“The pedestrian bridge over Buitengracht meant that St Andrews Square became the centre of life, a halfway point.”

He said the World Cup also carved out a relationship between the Fan Walk and the shuttle transport system. “We showed that we can run a major stadium on the basis of a combination of walking, public transport and a park and ride facility.”

Among other achievements of the World Cup were improvements to the Metrorail service, an upgrade of the Cape Town Station, a public square at the station, and the bridges which join the CBD with Green Point and the Waterfront.

Boraine also heaped praise on the entertainment and the public art which prevailed in the Central City.

The new directional signage had also been a great success, as had the new signage describing the history of particular areas.

All the developments, combined, made for a huge paradigm shift

“All these developments led to paradigm shifts and challenged huge stereotypes. For instance, the global stereotype of Africa was challenged by our successful World Cup.

“More importantly, we have engendered a powerful sense of local self belief. We have realized that we can think big, that there are now new big things to think of and we mustn’t be shy of thinking them. We can work together, if we put our minds together – government and the private sector – and we can get things done, deliver on time and go beyond the “business-as-usual” way of thinking. There is no reason to slip back into the old way of thinking.”

“Events since the World Cup show what can be done”

Boraine said events since the World Cup, such as the March Against Xenophobia on the Fan Walk on 18 July 18, as well as the Ubuntu Festival, which saw people gravitating to the Central City on a Sunday, show what can be done “when we put our minds to it and carry on the 2010 traditions”.

He said the City has put in a bid for an important conference, The Conference of Parties ( COPS 17), which is one of the biggest conferences a city can host on the planet.

Three cities are bidding for it – Cape Town, Johannesburg and Durban. It will bring more than 35 000 delegates to the city for 12 days, as well as 10 000 journalists and NGO workers, and more than 100 heads of state. “We have put together a powerfuI bid. If we win, we will be working flat out in Cape Town’s Central City to ensure it is a success. May the best city win.”

  • Boraine said the Central City Partners Forum is based on the successful 2010 Partners Forum which took place for the two years leading up to the World Cup.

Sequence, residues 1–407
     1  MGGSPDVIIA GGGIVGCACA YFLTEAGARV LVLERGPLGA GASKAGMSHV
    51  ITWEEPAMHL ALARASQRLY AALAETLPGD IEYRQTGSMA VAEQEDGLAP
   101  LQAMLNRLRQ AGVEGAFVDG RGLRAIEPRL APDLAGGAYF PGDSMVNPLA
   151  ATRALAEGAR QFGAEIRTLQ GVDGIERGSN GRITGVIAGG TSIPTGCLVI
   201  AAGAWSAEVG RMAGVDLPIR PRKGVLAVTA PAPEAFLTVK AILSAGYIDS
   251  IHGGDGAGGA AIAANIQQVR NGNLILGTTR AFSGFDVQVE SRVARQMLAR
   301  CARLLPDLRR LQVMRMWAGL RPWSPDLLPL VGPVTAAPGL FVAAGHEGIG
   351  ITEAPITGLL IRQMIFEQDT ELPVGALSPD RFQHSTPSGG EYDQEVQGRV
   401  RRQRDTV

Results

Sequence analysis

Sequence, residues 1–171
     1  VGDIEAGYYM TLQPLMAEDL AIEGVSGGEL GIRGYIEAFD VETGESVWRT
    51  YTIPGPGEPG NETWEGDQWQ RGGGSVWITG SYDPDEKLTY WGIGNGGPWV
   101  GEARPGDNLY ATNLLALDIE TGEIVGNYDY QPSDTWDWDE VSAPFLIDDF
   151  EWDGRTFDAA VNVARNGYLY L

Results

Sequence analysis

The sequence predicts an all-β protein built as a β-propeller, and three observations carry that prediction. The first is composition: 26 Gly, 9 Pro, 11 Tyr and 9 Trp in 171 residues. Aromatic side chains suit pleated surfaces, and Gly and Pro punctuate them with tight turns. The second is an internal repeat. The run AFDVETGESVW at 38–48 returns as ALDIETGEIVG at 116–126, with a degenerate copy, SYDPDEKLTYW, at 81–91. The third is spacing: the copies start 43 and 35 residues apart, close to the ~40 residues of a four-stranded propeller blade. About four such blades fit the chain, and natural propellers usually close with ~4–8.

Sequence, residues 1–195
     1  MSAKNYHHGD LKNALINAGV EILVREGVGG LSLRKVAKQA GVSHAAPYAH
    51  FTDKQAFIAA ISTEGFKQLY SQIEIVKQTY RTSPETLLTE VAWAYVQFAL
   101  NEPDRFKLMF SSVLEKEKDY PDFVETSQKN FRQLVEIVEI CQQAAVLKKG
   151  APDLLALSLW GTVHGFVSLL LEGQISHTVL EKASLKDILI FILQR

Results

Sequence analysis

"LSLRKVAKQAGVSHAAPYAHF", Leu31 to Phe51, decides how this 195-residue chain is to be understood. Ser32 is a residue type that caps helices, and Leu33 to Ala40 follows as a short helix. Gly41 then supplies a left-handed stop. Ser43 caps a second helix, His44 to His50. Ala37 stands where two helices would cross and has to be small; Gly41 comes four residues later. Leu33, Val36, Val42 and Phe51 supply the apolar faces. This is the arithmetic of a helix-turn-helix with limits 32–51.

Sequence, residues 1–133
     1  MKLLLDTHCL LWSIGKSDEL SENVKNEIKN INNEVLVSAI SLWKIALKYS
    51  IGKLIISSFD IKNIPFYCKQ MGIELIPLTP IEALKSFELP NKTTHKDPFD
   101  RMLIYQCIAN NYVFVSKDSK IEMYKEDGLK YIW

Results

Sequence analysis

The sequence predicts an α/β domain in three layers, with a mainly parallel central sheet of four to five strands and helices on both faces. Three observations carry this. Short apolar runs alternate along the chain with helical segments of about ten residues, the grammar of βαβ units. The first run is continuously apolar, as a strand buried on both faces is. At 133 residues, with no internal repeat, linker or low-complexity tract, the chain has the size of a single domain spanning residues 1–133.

“Those who attended felt the forum was a good way of getting together to share ideas, trade information, raise issues and be informed about what is happening in the Central City.

“This is a continuation of that process. We will be having quarterly meetings of this nature. The next forum  is on 21 September at 15 on Orange.

Boraine said the Cape Town Partnership had sent out a questionnaire to people wanting to take part in the Central City Partners Forum asking what issues and developments they are interested in knowing about. The response was: The World Design Capital Bid, the Events Strategy, property trends, public space management, the Provincial Government Property Project and sustaining the Fan Walk.

Boraine said the Central City Development Strategy, published in 2001 to guide discussion and lead change in the Central City, is what still guides the work programme of the CTP.

“Two things have affected the evolution of the strategy: The recession, which has had an impact on private sector development in Cape Town, and  secondly, the 2010 World Cup.

“Now, we are in the process of relooking at the CCDS – at what has changed, what is still relevant, which priorities remain in place, and where we need to update it.

A copy of the CCDS is available on the CTP website Cape Town Partnership


“We have a 15 to 20 year plan to transform to a public transport system we all dream of.”

These were the words of Gershwin Fortune, Manager of System Planning and Policy for the City of Cape Town, during an update on the IRT at the Central City Partners Forum on 23 August 2010.

Gershwin joined City Council consultant, Phillip Van Ryneveld in the IRT presentation.